Atlantic City is no closer to winning any smiles back than it is in reversing what has become a hopeless trend. In what has seemingly become a guarantee every month, the once proud gambling destination turned in another lackluster revenue month in September, falling 12.9 percent compared to its numbers this time a year ago.
For the month, the city’s 12 casinos earned $240.2 million in revenue with slots accounting for $177.3 million of that total. Incidentally, those slots numbers also represented a 10.6 percent decline while table games, which earned $62.9 million for the month, dropped a staggering 19 percent from a year ago.
11 of the 12 casinos posted monthly declines with the Atlantic Club Casino the only one netting an increase of a measly four percent for the month. Nevertheless, it’s a small victory in its own right considering that its contemporaries have seen nothing but red for the month.
The biggest loser was Caesars Atlantic City, which saw its revenues fall 28.5 percent to $23.8 million. Not far behind was Trump Plaza Hotel, which saw its revenues drop 28 percent to just $6.4 million, while sister company Trump Taj Mahal Casino Resort rounding out the ignominious to three with an 18.9 percent decline to just $22.6 million.
Bally’s Atlantic City barely made it past $20 million in revenues, posting an 18.1 percent decline of its own; the Showboat Casino Hotel saw its revenues drop by 16.8 percent to just $16.1 million. Revel Casino also continued its downward spiral with only $14.8 million in revenue to show for the month, 11.9 percent worse than its numbers a year ago.
Even Atlantic City’s supposed big guns – Borgata and Harrah’s – posted decline in revenues with the former posting a 9.8 percent drop to $29.5 million while the latter accounting for a 6.5 percent drop to $51.7 million.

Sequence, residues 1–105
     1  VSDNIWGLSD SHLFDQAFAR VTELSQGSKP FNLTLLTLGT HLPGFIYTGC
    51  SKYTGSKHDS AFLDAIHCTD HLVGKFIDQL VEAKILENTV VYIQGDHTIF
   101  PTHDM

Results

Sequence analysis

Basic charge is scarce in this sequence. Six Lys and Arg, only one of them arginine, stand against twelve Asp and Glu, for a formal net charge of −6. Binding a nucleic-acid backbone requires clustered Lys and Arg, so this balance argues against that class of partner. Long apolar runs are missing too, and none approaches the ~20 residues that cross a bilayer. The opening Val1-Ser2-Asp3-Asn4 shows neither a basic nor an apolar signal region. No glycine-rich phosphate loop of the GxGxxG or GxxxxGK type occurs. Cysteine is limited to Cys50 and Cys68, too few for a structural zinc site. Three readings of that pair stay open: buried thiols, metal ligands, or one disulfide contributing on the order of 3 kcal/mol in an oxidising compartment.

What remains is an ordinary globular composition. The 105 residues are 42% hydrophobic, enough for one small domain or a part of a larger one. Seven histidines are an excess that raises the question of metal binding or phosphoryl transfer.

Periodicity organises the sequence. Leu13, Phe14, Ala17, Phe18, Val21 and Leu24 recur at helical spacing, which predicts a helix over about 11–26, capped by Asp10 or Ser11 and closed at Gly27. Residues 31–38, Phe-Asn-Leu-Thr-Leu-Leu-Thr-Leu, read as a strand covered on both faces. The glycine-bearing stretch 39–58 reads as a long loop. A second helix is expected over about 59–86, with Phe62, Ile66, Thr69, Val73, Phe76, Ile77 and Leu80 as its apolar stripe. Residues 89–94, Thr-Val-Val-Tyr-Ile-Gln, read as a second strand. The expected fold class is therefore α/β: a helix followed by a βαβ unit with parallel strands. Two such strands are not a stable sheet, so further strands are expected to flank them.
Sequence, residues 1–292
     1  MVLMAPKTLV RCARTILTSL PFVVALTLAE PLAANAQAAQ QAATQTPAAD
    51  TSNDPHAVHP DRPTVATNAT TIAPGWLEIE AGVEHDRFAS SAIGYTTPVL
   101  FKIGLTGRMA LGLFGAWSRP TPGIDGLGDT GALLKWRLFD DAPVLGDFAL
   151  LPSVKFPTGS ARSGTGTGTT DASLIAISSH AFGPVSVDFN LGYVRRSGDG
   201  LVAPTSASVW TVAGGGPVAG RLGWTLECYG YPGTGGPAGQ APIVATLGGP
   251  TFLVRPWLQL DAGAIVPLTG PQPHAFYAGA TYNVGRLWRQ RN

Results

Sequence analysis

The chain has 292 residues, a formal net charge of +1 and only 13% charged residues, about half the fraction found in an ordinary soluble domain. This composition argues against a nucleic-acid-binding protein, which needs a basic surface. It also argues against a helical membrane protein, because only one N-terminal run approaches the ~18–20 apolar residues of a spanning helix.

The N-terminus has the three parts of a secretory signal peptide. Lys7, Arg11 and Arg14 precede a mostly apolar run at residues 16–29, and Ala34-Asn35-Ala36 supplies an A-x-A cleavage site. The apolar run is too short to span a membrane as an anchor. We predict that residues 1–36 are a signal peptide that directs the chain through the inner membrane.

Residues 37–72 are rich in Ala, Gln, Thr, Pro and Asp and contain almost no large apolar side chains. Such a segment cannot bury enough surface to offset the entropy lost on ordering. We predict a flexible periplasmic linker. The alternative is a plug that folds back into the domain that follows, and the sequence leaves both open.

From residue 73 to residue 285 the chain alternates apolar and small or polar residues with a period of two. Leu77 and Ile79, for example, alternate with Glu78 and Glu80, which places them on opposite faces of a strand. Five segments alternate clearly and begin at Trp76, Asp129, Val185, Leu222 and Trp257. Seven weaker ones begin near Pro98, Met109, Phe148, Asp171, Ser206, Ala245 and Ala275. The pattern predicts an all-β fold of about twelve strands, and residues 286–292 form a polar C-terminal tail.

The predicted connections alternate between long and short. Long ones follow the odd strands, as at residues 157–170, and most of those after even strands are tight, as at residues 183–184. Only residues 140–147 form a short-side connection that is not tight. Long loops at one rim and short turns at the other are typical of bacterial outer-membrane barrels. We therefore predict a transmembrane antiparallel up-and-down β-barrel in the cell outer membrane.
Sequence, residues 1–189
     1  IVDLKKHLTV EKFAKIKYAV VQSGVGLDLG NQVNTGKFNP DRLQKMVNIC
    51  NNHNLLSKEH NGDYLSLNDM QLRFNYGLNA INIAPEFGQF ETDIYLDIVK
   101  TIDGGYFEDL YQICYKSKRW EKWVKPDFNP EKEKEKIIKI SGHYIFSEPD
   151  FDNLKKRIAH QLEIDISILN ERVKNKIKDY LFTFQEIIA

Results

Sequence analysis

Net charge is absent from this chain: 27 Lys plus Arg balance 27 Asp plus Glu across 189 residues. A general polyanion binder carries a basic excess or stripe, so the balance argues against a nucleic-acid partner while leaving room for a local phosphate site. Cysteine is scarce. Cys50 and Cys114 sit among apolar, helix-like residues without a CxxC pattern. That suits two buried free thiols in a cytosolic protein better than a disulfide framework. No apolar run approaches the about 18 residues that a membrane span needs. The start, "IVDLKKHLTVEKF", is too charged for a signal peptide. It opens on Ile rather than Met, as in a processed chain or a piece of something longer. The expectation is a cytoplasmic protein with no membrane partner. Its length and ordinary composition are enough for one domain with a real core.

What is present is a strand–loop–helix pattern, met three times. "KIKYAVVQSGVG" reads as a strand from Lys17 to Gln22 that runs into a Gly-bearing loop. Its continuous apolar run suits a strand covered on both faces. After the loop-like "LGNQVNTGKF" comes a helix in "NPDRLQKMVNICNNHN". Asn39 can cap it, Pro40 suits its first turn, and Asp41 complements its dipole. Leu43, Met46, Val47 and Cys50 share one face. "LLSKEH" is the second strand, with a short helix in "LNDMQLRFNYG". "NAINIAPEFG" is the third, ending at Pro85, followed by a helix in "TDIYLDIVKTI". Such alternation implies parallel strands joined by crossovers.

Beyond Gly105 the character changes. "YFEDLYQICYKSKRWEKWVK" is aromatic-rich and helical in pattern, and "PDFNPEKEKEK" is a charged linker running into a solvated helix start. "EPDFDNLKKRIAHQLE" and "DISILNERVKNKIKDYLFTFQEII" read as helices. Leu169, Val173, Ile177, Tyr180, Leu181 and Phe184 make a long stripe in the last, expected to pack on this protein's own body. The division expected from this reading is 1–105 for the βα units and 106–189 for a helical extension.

The staging of the Ms. America pageant wasn’t even enough to drive up revenues for the casino joints. Sure, there were thousands of more people than usual that went to the gambling destination, but a big chunk of them showed little to no interest in gambling any of their money away.
That has been the case of Atlantic City in recent years. No matter the entertainment options that are available in the area, the town goes as the gambling numbers go. And with revenues continuing to plummet, it goes to show that Atlantic City needs more than just beauty pageants to jumpstart its drowning casino industry.
Revel hires new president
In yet another attempt to change its downtrodden fortunes, Revel has decided to promoted its former interim COO, Scott Kreeger, to be the casino’s new president and COO. Kreeger takes the deliriously difficult job of changing Revel’s fortunes from Jeffrey Hartmann, who had been interim CEO since early in the year.
Kreeger should make for a good leader for Revel, although the use of the word “good” is valid to a whole lot of interpretations. But if for nothing else, the man brings a lot of experience to the table, not the least of which were various roles served within Station Casinos, Fertitta Entertainment, and MGM Mirage.